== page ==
Students learn cyber security skills

Georgia Highlands’ Chief Information Security Officer Richard Davis and Information Security Specialist Mike Peterson have teamed up with Rome High School’s Air Force Junior Reserve Officer Training Corps program (AFJROTC) to participate in the Air Force Association’s CyberPatriot program to help encourage students to learn more about science, technology, engineering and math (STEM).

According to USCyberPatriot.org, CyberPatriot is the National Youth Cyber Education Program. During competitions teams of students are given “a set of virtual images that represent operating systems.” The team must locate vulnerabilities and keep the system operational during a six-hour period as if a system was in the process of being hacked.

Mike Peterson, GHC information security specialist, helps the Rome High JROTC CyberPatriot program prepare for next season’s competition. Photo by Anna Douglass.

Mike Peterson, GHC information security specialist, helps the Rome High JROTC CyberPatriot program prepare for next season’s competition. Photo by Anna Douglass.

GHC was asked to participate in the program by Lt. Col. Michael Washington, who is in charge of the JROTC program at Rome High School.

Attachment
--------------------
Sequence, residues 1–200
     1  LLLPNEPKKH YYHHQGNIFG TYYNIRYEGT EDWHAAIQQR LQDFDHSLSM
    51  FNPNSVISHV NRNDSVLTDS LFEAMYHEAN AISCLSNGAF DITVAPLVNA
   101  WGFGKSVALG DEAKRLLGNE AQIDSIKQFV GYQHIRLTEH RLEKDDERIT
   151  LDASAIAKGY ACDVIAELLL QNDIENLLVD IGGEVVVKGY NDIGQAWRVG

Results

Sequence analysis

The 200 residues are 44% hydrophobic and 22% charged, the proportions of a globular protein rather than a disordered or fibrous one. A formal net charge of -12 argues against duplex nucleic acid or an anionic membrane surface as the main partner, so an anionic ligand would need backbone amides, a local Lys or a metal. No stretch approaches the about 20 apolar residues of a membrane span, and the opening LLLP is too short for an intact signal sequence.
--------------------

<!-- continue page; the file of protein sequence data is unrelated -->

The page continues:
“He asked if this is something I would like to be interested in, and I thought that it was a pretty cool idea. Let’s teach kids and get them interested in being geeky and security minded,” said Davis.

Davis and Peterson worked with the team two times a week on various training programs that were provided by the CyberPatriot program.

“We can all work together very well and we all know what our strengths and what are weaknesses are, like Kane and I are both really good at viruses and networking,” said Lauren Gaston, a sophomore at Rome High School. Senior Kane Bearden was another team member.

The team placed first in the Regional competition, but did not qualify for nationals.

“I’m proud of the kids and we could not have done this without the mentors from Georgia Highlands,” said Washington, United States senior aero space science instructor at Rome High School.

Davis and Peterson worked to help prepare the team on their own time, free of charge, so they could get Georgia Highlands’ name out and let high school students know that GHC offers programs related to information security as well as to help reinforce their own knowledge.

Davis and Peterson are still working with the team from Rome High to help them learn and better prepare themselves for competition next year.